Marci Pederson, RN, BSN, Nurse Educator/Consultant
Federal Regulation - F371 Sanitary Conditions
F371 had 36 deficiencies cited in South Dakota long-term care facilities in 2010 (the same number of deficiencies as in 2009). It ranks number three in the top ten deficiencies for long-term care facilities in South Dakota.
F371 states, "The facility must –
Procure food from sources approved or considered satisfactory by Federal, State, or local authorities;
Store, prepare, distribute, and serve food under sanitary conditions."
The overall intent of F371 is to promote safe food handling to prevent food borne illness. Based on observations in client facilities' kitchens during food preparation, the problems tend to occur with cross-contamination. When I wrote the update for F371 last year I focused on key areas of the Guidance to Surveyors. This year I want to include some helpful hints which are based on experiences from the past year while I provided consulting services to both long term care facilities and critical access hospitals.
Follow manufacturer's recommendations
Very recently I was invited by a long term care facility to be present during their annual survey conducted by the South Dakota Department of Health Office of Licensure and Certification. The surveyor who was assessing for dietary compliance asked why the measurement of the chlorine level for the dishwasher was consistently documented as 75 parts per million. The dietary manager indicated the company representative who provided the dishwasher chlorine product had verbally instructed the staff to keep the level of chlorine at 75 parts per million. The company representative came on-site during the survey and adjusted the product dispenser for the dishwasher so it dispensed 100 ppm; however, he still maintained the company recommended the chlorine level be at 75 ppm to prevent any smell of chlorine on the dishes. When the dietary manager and I reviewed the manufacturer's label on the product container, we found there was no information about using 75 parts per million. Instead 100 parts per million was recommended by the manufacturer. This was a valuable lesson for everyone involved. In the Midwest we have the tendency to trust what is told to us verbally. We must remember to check the actual manufacturers' recommendations for usage of their products by reading the label information or equipment manuals before using any products. There are also two important items to remember about test strips used to measure the level of chlorine and they are:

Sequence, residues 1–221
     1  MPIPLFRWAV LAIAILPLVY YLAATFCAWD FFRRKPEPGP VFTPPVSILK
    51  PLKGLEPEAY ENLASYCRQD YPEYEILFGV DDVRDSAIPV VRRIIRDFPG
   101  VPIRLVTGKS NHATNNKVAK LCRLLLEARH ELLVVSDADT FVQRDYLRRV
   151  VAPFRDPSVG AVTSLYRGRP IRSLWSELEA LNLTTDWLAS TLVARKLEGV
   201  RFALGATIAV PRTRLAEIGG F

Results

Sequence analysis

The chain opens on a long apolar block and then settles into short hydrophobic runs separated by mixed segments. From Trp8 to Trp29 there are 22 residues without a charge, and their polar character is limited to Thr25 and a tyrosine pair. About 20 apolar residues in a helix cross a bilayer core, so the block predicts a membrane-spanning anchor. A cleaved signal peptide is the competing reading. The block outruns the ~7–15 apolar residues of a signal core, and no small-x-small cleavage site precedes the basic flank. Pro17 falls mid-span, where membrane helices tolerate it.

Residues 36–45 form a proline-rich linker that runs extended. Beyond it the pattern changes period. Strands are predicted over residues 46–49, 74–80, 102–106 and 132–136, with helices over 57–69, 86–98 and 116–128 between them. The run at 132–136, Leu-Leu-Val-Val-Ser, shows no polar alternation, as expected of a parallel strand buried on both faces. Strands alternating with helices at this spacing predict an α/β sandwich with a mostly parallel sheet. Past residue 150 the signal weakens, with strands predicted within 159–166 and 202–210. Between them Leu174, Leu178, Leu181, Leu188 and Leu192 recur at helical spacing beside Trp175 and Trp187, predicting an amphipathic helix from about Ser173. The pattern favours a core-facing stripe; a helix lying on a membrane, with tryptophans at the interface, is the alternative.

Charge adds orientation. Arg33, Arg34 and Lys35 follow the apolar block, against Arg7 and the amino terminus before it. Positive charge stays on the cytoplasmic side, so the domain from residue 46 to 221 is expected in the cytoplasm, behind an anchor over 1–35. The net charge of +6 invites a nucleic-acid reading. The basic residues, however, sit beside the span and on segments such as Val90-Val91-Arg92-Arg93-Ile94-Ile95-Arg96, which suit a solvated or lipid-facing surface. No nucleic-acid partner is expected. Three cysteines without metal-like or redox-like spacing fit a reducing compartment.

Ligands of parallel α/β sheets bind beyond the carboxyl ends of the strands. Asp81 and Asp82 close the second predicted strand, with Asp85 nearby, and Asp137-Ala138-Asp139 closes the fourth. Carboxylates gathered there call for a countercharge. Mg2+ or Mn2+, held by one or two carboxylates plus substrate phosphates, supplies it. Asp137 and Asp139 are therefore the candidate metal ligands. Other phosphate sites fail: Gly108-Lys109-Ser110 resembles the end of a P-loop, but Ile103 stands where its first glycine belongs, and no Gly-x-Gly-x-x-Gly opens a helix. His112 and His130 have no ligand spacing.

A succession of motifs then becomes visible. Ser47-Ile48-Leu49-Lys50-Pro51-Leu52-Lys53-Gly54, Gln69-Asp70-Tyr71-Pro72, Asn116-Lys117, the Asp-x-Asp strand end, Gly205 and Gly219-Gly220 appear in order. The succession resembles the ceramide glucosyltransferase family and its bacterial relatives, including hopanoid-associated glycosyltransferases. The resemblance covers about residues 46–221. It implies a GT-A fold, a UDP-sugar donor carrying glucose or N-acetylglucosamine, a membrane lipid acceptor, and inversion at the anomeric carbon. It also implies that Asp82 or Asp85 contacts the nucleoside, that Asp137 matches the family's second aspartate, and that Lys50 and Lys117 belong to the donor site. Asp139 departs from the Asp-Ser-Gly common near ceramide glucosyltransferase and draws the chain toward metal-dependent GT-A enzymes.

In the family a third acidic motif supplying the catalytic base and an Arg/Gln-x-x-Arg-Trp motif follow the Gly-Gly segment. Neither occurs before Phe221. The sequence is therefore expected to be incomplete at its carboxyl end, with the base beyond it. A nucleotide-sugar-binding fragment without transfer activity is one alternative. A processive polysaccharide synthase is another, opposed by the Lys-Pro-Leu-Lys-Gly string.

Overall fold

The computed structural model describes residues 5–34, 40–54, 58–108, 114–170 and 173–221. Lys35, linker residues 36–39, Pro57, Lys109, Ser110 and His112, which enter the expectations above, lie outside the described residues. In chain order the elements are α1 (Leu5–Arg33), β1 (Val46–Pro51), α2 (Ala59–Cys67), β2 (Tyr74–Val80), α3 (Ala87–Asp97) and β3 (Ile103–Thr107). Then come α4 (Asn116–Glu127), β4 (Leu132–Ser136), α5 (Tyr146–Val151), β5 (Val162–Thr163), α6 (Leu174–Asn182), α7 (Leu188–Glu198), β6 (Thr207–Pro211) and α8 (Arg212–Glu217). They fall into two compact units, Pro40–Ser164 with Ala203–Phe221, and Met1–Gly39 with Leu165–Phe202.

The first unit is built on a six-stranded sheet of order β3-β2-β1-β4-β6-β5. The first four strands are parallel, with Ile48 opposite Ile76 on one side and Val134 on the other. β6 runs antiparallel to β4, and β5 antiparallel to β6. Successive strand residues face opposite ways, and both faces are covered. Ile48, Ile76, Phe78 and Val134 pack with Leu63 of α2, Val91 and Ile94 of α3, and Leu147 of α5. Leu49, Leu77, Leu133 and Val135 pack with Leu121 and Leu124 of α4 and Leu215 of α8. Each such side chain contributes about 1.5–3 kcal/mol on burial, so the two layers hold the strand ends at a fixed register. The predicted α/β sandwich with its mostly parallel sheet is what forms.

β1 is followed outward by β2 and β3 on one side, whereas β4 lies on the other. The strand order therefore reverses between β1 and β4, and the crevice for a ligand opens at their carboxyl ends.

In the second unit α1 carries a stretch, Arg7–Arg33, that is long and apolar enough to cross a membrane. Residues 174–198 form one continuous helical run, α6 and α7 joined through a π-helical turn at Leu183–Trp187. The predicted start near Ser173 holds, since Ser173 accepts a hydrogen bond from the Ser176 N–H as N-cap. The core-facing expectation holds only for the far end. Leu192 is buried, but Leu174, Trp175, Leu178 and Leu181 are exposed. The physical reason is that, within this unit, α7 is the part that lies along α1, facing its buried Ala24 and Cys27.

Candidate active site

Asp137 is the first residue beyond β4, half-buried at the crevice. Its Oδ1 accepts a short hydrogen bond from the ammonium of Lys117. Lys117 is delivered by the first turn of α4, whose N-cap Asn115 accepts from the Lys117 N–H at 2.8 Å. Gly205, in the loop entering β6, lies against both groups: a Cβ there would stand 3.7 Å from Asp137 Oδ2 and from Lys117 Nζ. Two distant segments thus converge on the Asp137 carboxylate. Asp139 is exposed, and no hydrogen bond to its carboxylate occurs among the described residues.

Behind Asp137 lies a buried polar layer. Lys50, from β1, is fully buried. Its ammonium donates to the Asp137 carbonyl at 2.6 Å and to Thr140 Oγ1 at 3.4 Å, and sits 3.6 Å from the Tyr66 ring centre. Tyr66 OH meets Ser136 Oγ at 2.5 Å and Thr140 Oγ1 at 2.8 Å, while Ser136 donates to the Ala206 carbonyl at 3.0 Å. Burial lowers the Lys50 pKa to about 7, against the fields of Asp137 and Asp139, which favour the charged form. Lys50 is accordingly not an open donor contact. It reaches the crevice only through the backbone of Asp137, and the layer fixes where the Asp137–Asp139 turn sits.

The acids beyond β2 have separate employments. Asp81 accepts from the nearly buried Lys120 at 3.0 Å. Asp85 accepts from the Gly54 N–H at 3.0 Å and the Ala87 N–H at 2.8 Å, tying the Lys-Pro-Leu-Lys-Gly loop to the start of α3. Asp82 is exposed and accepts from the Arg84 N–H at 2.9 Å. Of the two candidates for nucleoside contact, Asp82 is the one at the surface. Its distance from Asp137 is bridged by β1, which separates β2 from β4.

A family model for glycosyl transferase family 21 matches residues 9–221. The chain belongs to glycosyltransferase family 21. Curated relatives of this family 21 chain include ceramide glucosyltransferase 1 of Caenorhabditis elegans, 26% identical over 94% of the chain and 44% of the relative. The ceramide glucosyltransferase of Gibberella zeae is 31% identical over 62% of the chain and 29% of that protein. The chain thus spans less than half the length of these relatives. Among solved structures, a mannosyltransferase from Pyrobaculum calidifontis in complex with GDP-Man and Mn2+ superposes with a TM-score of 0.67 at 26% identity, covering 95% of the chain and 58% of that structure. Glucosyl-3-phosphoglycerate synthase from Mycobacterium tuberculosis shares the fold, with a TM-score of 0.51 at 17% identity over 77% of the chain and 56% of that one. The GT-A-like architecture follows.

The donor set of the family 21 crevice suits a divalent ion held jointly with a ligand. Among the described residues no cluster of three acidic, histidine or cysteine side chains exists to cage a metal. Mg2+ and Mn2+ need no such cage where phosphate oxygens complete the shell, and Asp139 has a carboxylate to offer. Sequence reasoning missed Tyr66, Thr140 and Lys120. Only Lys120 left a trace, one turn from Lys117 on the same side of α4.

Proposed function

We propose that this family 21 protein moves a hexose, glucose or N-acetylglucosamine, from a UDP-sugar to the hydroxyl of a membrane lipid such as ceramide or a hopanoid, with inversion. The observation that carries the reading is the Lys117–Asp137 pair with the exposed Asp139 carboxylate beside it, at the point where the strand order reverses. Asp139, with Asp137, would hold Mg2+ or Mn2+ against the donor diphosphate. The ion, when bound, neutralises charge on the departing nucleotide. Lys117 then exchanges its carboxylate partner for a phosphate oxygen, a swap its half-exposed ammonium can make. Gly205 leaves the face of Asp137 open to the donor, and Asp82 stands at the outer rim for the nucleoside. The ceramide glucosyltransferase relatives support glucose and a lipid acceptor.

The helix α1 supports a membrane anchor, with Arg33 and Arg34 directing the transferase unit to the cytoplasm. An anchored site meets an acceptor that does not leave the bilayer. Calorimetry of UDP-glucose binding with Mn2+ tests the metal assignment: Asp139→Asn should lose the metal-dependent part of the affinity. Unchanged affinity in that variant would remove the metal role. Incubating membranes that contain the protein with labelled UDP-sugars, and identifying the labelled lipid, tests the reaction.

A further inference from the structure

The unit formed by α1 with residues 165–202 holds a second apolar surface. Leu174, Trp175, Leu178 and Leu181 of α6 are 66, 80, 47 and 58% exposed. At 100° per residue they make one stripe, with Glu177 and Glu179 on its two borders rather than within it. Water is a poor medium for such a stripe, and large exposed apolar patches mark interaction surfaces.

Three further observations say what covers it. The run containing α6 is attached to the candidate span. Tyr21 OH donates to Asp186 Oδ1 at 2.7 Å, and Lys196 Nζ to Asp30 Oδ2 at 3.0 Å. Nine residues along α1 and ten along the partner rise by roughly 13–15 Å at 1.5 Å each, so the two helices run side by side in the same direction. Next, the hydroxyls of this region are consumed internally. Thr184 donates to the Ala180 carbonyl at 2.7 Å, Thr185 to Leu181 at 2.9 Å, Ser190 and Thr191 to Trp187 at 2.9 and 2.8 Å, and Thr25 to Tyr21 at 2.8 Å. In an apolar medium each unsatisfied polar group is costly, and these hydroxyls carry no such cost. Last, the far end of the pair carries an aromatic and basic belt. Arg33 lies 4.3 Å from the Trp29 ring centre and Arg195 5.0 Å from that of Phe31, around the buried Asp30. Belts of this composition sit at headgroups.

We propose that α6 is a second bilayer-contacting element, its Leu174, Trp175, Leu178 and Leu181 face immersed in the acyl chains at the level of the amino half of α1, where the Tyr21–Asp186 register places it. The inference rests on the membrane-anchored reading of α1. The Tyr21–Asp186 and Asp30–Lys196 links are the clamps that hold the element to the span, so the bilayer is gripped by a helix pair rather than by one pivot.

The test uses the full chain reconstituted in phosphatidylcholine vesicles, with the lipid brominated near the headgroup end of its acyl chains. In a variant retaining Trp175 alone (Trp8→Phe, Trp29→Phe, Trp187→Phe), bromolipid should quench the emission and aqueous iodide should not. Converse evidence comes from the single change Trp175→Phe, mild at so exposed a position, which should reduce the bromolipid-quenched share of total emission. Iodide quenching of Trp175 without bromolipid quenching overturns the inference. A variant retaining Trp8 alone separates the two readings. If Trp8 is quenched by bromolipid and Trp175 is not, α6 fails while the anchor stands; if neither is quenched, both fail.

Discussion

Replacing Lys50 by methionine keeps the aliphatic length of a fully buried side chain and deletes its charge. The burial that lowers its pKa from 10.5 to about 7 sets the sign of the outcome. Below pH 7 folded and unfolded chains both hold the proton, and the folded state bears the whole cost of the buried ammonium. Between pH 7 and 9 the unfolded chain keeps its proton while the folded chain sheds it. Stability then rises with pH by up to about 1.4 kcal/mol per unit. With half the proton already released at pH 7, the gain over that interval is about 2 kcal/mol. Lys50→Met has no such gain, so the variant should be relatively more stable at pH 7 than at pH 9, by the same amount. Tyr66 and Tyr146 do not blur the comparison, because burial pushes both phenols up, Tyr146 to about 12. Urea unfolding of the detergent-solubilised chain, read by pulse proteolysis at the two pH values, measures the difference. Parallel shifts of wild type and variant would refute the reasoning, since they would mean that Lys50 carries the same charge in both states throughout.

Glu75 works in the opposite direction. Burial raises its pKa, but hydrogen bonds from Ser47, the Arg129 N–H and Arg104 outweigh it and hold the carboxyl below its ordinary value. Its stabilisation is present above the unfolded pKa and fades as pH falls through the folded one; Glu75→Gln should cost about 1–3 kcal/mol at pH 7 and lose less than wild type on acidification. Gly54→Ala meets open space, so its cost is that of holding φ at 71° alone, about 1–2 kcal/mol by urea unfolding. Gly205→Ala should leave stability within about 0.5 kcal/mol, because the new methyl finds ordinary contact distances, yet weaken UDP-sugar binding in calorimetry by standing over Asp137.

- The test strips should be the right test strips provided for that specific equipment from the manufacturer.
- The test strips are not used beyond their expiration date.
Clean equipment according to manufacturers' recommendations
In the last few months I had the privilege of working with a dietary manager in a long-term care facility. She had been working in that capacity for a few months. She had worked as a dietary manager for several years in another facility so her past experience was helpful. One of the first things she addressed was the ice machine which was less than a year old. It was in desperate need of cleaning, but she could not find the manufacturer's manual. She took the initiative of contacting the company which had manufactured the ice machine, and the company mailed the manual for the ice machine to her. She was then able to obtain the appropriate chemical product and follow the directions for cleaning. A cleaning schedule and procedure was developed, and the cleaning and sanitizing products were added to the MSDS manual.
The last item to share in this update is the tray line
This may include both the steam table where hot prepared foods are held and served, and the chilled area where cold foods are held and served. The persons serving the tray line must be well trained and organized. They should:
- Wash hands before beginning the process.
- Make sure she/he has all of the serving utensils and equipment needed before serving to ensure she/he can continue the serving process without needing to step away and interrupt the clean process. If the server should forget something, another staff person should be available to provide any items needed using clean technique as well. By preparing ahead of time, the serving process takes less time and there is much less opportunity for cross-contamination.
I will be presenting more information on F371 and the Food Service Code May 25, 2011 at the PACE dietary meeting. I hope to see some of our readers there. Remember, I love invitations from nursing facilities and hospitals to come and help improve compliance with regulations and improve quality of care for the residents/patients. Call AESS today 605-668-8475 to schedule a consultation with me, your survey specialist!
As a former health facilities senior surveyor, Marci worked at the Department of Health Office of Licensure and Certification for eight years. Marci provides Survey Preparedness Consulting designed to create a culture of constant survey preparedness by helping staff understand regulatory requirements, not just comply with them.
Contact me at firstname.lastname@example.org for all of your Regulatory Compliance and Survey Preparation needs.
Do the math! The facility bottom line improves when resident care continually improves.
Read more Regulations Updates. The Avera Solutions’ Blog contains writings from Marci and other Avera Education & Staffing Solutions staff and consultants.
Marci Pederson, RN, BSN
As a former health facilities senior surveyor, Marci served a variety of health care facilities. Her experience includes nursing education, medical/surgical nursing, psychiatric nursing, infection control, utilization review and quality assurance.
Have a question for Marci? A topic idea for her next column? Need more information on having a mock survey at your facility? Send her an email at email@example.com.